Question. Mr. President, both you and Secretary Kissinger have said that in case of strangulation of the West by oil producers you would use military force, and you were hypothetically speaking. I think on that same basis the American people would like to know whether you would require a congressional declaration of war or whether you would bypass that constitutional process as some of your predecessors have done.
President FORD. I can assure you that on any occasion where there was any commitment of U.S. military personnel to any engagement we would use the complete constitutional process that is required of the President.
Question. Mr. President, I would like to follow up on Helen Thomas' question. There has been considerable discussion, as you know, about the question of military intervention in the Middle East, and you and others have said that it might be considered if the West's economies were strangled. Mr. President, as you know, the Charter of the United Nations says that all members shall refrain in their international relations from the threat of the use of force against the territorial integrity or political independence of any state. Now, Mr. President, I would like to know whether this section of the Charter of the United Nations was considered, taken under consideration before these statements were made by members of the administration, and if not, why not?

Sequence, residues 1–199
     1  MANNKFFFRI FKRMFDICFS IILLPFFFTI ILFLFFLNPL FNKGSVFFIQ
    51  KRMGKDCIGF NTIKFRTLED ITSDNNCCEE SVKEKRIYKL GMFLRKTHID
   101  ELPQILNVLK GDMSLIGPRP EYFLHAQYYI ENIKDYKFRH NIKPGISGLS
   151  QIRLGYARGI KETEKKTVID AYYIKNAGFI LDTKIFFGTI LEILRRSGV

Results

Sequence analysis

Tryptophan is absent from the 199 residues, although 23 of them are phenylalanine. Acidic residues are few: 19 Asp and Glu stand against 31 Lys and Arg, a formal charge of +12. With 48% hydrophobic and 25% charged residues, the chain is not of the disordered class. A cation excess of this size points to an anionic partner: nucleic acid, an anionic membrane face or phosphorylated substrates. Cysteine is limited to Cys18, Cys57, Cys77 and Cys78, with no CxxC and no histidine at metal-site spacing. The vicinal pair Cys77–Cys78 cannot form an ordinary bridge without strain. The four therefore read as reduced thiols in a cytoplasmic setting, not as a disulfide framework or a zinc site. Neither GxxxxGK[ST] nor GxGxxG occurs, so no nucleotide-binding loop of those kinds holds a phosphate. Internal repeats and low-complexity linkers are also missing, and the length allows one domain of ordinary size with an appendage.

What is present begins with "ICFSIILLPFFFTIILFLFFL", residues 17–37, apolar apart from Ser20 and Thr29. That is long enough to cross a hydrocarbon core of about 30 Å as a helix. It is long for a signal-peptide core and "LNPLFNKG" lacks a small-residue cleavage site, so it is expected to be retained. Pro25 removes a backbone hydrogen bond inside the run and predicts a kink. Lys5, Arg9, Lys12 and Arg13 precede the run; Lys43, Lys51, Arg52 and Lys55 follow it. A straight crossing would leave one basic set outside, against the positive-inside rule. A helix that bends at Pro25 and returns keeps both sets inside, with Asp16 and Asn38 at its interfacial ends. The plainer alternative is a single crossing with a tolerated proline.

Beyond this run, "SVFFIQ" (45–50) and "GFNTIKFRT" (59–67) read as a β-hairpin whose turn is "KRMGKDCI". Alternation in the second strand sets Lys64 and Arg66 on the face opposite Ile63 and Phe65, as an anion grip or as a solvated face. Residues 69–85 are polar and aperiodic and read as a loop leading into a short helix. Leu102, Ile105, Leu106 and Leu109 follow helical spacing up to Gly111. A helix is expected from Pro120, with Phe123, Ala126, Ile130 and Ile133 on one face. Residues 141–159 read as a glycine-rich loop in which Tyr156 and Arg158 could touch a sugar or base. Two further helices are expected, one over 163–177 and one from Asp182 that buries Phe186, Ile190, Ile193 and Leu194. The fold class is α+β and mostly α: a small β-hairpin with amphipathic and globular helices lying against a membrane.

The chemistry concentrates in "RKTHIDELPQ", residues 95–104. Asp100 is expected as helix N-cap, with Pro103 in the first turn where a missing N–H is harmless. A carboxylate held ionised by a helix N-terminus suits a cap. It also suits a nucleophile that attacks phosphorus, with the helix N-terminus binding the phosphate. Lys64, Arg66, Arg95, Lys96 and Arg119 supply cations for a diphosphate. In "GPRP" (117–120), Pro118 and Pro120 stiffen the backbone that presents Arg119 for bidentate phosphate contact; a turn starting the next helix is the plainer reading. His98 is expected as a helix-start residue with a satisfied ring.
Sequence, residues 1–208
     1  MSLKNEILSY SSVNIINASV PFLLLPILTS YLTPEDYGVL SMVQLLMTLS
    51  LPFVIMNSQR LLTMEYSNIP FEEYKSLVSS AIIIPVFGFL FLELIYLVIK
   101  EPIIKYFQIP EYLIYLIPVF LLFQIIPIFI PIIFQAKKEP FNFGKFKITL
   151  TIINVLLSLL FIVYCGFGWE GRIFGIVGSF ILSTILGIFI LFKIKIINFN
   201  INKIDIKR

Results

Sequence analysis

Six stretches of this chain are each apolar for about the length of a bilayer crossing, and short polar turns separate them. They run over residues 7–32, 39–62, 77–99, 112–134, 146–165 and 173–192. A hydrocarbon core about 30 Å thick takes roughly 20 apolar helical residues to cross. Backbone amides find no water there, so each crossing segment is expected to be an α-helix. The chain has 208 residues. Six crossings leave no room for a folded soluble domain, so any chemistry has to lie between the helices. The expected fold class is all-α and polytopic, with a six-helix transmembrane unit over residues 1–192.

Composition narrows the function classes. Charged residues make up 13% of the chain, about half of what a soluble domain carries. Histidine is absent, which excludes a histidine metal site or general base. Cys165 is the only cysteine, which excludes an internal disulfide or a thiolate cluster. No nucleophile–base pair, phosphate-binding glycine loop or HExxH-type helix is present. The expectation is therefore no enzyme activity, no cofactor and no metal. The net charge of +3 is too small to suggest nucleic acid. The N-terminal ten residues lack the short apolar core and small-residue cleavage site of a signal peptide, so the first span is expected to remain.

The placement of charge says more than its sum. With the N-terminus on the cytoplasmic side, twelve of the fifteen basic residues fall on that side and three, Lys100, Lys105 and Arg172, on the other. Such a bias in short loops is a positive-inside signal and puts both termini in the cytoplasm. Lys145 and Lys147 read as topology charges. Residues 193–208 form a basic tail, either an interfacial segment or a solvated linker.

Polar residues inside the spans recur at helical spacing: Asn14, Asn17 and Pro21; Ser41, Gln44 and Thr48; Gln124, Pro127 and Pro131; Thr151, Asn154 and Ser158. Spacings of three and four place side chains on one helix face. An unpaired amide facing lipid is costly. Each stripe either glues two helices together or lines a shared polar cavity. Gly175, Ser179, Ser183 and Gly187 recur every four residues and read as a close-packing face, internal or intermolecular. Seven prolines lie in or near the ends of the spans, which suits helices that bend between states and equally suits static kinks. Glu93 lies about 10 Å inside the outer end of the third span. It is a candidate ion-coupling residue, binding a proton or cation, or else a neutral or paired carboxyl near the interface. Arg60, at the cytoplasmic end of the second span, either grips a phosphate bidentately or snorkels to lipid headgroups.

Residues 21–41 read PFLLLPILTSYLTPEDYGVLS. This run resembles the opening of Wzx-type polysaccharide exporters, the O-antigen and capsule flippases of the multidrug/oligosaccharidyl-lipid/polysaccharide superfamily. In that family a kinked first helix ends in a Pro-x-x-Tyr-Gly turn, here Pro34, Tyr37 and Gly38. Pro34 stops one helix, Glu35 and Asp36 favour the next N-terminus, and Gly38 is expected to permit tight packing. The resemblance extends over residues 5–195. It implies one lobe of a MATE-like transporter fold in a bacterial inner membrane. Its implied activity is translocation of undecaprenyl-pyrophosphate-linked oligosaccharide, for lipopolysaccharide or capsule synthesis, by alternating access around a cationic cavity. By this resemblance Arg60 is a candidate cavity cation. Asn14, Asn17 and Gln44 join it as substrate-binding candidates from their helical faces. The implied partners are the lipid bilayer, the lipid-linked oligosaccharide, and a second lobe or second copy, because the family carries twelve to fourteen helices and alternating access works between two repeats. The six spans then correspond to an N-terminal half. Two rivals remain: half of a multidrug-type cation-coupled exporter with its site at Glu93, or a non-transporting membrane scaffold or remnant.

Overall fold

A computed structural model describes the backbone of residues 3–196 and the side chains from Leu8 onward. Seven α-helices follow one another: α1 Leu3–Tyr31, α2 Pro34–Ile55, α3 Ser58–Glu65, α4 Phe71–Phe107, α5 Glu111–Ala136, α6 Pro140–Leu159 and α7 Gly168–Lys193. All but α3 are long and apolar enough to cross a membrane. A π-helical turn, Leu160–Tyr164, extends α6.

President FORD. Well, the hypothetical question which was put to Secretary Kissinger, a hypothetical question of the most extreme kind, I think called for the answer that the Secretary gave and I fully endorse that answer.
I can't tell you whether Secretary Kissinger considered that part of the U.N. Charter at the time he made that comment, but if a country is being strangled--and I use "strangled" in the sense of the hypothetical question--that, in effect, means that a country has the right to protect itself against death.
Question. Mr. President, would a new oil embargo be considered strangulation?
President FORD. Certainly none comparable to the one in 1973.
Source: U.S., Congress, Committee on International Relations, Special Subcommittee on Investigations, Oil Fields as Military Objectives: A Feasibility Study, Report Prepared by the Congressional Research Service, 94th Cong., 1st sess., August 21, 1975, (Washington, DC: US Government Printing Office, 1975), pp. 77-78.
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